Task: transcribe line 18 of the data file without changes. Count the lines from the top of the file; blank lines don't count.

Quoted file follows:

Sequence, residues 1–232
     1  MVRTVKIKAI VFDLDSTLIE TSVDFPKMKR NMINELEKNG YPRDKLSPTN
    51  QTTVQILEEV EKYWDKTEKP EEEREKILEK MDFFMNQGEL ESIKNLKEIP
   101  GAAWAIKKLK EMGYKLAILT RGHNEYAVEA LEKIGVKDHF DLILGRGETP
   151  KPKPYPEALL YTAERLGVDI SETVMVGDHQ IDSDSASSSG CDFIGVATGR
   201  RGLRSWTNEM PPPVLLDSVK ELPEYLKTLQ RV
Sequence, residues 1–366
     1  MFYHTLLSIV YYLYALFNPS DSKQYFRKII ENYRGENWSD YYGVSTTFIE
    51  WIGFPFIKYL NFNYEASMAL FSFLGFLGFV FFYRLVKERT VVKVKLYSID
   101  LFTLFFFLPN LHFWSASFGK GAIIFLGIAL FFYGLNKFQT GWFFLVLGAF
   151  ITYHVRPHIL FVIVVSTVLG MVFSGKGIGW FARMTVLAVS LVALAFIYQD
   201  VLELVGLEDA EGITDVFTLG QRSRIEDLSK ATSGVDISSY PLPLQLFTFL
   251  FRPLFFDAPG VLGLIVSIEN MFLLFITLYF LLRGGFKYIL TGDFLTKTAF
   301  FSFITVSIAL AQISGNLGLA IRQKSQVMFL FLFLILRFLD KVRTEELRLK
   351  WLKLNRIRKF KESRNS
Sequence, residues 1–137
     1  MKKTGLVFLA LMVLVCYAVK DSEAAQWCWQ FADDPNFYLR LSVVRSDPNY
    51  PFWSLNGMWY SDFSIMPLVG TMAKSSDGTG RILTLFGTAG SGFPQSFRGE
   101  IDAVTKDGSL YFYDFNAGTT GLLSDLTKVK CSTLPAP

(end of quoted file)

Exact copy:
    51  PFWSLNGMWY SDFSIMPLVG TMAKSSDGTG RILTLFGTAG SGFPQSFRGE